Detect EMSA (Gel Shift Assays) on your Odyssey® CLx or Classic Infrared Imager

Gel shift assays or electrophoretic mobility shift assays (EMSA) provide a simple method to study DNA:protein interactions. This assay is based on the principle that a DNA-protein complex will have different mobility during electrophoresis than non-bound DNA. These shifts can be visualized on a native acrylamide gel using labeled DNA to form the DNA-protein binding complex.

Do you know that you can easily adapt your existing mobility shift assay protocols by replacing the radiolabeled oligonucleotides with IRDye® end-labeled oligonucleotides?

And using the Odyssey CLx or Classic Infrared Imager, you can complete your EMSA in about 90 minutes – saving valuable research time.

Figure 1.
EMSA performed with IRDye 700 AP-1 oligos. Reprinted with permission from Electrophoretic Mobility Shift Assay (EMSA) Using IRDye Oligonucleotides.

And when you are ready to image, there is no need to remove the gel from the glass plates. This makes gel handling easier and allows running the gel further, if needed, after scanning is completed. Possible deformations or tearing of the gel while separating plates are also eliminated.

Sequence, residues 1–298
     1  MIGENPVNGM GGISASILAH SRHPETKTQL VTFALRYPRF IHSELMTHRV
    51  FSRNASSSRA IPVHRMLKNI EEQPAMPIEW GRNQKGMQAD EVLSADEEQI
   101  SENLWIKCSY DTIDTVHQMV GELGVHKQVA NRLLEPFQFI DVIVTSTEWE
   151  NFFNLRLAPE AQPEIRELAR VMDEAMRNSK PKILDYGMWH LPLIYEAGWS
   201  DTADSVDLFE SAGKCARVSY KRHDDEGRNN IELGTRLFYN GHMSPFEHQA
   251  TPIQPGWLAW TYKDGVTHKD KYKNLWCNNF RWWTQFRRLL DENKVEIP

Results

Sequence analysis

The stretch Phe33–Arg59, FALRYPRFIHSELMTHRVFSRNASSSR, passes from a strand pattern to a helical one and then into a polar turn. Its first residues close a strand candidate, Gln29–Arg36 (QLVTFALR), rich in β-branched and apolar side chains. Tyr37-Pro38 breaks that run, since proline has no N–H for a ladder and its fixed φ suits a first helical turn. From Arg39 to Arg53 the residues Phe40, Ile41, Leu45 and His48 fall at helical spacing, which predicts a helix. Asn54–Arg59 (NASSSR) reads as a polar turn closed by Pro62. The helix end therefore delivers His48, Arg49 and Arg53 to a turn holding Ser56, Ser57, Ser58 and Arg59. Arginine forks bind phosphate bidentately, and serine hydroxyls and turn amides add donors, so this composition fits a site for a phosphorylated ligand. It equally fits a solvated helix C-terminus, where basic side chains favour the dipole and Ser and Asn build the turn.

For more information, refer to our Technical Note on Infrared EMSA detection.

NEW! Quick Western Kit Reduces Western Blotting Time by at Least 90 min

Introducing the NEW! Quick Western Kit – IRDye® 680RD

Quick Western Kit - IRDye 680RD
The Quick Western Kit – IRDye® 680RD provides a universal detection reagent that can be combined with the primary antibody incubation step, eliminating the need for a secondary antibody incubation step.

Saves Time (View Workflow)

  • Does not require a separate primary antibody labeling step, saving time and antibody
  • Faster method of detection compared to the traditional 2-step method, which can take up to 4 hours
  • Reduces the total Western blot procedure by at least 90 min

The kit can be used to detect primary antibodies from a variety of hosts and has been shown to recognize primary antibodies to recombinant tagged proteins (i.e. 6X His, Myc, DDK, etc.)

IRDye 680RD Detection Reagent is known to have high specificity for IgG from:

  • Human
  • Mouse
  • Rabbit
  • Guinea Pig
  • Goat
  • Sheep
  • Pig
  • Cow
  • Cat
  • Dog
  • Donkey

The IRDye 680RD Detection Reagent does not work with:

  • Chicken

The Detection Reagent is known to have lower specificity for rat, horse, and hamster. The Detection Reagent has been specifically tested and qualified for Western blot applications. If additional specificity and/or affinity are required, please use IRDye conjugated secondary antibodies for detection.